Form the standard bank specific variables, we find that for explaining ROA, strength of equity capital (ECTA), operational efficiency (OE), and ratio of interest income (RII), are positive and significant. For bank’s return on asset, the impact of credit risk (CDR) is negative and significant. Nonperforming assets (NPAR) and cost of funds (KF) are also found to be negative and significant. In industry specific variables banking growth in terms bank deposits to GDP (DPGDP) is found to be positive and significant in case of ROA. Form the macroeconomic variables GDP growth and inflation both are negative and significant for ROA.

For ROE, in the standard bank specific variables ratio of interest income (RII) and expenses on employees (RWI) are positive and significant whereas the impact of credit risk (CDR) is negative and significant. Nonperforming assets (NPAR) and extent of priority sector lending (PSL) are also found to be negative and significant. In industry specific variables banking growth in terms bank

Table 4. Regressions results (dependent variables: ROA & ROE).

***indicates significance at 1% Level of confidence whereas. **indicates significance at 5% Level of confidence.

deposits to GDP (DPGDP) is found to be negative and significant in case of ROE. Form the macroeconomic variables only inflation is significant and positive for ROE.

Because of widespread competition in banking sector the size of banks doesn’t matter for bank profitability of ROE and has a small and weak significant effect in the case of ROA. Regarding the relationship between bank size and profitability of the Indian banks in both measure of the profitability we find negative signs across all types of banks. Moreover none of the coefficients are significant. Equity to total assets appeared to be the most significant determinant of profitability of banks. The operating efficiency ratio is highly significant and positively associated with it.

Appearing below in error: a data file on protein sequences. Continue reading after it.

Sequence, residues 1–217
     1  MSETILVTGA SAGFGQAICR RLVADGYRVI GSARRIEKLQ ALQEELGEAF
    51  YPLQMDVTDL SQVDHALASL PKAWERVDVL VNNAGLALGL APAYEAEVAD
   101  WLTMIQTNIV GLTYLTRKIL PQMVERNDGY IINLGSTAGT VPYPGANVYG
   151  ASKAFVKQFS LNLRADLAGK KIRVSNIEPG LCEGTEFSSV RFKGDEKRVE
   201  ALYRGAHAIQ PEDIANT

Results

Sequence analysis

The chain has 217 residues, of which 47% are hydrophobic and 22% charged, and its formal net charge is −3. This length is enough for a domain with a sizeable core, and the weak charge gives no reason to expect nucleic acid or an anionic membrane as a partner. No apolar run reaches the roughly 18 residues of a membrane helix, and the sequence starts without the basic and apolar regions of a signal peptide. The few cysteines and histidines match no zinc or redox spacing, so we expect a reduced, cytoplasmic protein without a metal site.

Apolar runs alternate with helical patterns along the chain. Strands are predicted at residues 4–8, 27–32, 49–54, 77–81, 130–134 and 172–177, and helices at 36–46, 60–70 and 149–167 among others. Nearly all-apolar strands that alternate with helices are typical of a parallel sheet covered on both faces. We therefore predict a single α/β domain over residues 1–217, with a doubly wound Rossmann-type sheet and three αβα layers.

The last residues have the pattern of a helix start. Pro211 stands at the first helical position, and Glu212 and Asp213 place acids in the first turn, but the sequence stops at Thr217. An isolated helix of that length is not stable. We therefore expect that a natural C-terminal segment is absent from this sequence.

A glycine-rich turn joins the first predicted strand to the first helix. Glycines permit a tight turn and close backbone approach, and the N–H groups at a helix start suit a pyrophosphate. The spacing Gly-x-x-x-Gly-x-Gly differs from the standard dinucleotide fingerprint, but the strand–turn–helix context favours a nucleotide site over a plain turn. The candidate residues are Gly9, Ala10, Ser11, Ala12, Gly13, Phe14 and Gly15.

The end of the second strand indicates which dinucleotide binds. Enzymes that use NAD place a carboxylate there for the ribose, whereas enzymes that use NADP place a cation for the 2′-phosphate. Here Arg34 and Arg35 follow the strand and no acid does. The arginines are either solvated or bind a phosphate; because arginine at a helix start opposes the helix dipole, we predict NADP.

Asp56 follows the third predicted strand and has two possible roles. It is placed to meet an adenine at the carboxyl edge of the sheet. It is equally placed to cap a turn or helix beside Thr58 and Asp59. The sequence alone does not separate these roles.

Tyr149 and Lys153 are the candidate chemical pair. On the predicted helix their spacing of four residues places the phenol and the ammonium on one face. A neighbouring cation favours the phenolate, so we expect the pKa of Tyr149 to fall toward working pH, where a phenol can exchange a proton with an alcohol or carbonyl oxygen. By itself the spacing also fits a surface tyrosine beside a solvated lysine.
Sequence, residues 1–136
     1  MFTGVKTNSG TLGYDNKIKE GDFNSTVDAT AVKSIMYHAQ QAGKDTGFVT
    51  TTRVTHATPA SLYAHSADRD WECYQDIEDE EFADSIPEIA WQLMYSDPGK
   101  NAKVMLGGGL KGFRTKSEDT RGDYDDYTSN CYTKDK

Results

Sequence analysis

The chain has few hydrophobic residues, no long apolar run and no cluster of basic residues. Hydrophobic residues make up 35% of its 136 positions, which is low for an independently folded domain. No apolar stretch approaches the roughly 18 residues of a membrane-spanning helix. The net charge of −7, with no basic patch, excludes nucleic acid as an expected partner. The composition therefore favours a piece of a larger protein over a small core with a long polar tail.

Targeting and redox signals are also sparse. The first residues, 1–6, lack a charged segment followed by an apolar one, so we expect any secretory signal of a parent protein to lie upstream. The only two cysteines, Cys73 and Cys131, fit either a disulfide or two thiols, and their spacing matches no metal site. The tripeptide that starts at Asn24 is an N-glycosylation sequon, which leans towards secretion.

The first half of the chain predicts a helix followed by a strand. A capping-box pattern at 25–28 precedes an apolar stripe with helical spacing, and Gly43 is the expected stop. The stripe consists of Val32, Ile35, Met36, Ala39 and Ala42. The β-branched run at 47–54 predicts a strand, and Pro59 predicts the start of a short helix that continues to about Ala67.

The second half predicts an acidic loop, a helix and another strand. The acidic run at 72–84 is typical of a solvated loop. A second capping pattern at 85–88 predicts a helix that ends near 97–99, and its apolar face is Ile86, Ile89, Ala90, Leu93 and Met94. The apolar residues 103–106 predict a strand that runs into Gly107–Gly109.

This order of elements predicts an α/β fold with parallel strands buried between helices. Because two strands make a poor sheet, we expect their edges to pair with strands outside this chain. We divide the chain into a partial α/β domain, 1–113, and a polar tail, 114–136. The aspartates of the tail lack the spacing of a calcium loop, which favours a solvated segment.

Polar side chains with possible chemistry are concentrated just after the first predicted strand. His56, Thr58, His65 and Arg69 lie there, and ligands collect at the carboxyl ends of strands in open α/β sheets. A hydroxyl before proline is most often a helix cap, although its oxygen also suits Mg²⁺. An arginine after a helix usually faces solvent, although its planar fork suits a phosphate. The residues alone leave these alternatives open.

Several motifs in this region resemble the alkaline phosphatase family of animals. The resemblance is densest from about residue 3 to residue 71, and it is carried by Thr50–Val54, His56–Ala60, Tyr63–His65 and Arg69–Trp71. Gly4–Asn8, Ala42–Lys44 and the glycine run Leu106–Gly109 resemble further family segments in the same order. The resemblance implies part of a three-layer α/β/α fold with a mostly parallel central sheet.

These results have relevance to regulators, bankers, bank managements and other stakeholders. For bank managements and shareholders, the findings will help to identify the key factors, internal and external to achieve profitability which in turn leads to stability and sustainability of profitability at the bank level which is important due to the increased competition through globalization of banking. For shareholders, it helps to assess how varying bank characteristics can alter the profitability and returns in sequence. As a policy recommendation for the Reserve Bank of India, we suggest a better supervision for credit risk and effective management of nonperforming assets and improve quality assets of banks and encouraging the competition in banking industry. For banks’ decision makers, we also recommend to monitor the credit and cost of funds indicators, to diversify the sources of revenues and to optimize costs.

Cite this paper
Brahmaiah, B. and Ranajee, &. (2018) Factors Influencing Profitability of Banks in India. Theoretical Economics Letters, 8, 3046-3061. doi: 10.4236/tel.2018.814189.